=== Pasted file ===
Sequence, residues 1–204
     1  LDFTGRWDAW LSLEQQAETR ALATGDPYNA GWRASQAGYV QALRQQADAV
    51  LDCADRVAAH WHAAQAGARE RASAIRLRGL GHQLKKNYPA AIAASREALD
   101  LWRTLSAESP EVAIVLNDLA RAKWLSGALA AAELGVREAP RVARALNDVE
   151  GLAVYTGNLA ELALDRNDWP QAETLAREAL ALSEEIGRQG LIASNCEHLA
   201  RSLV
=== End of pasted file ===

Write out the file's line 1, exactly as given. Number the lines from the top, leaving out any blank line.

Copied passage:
Sequence, residues 1–204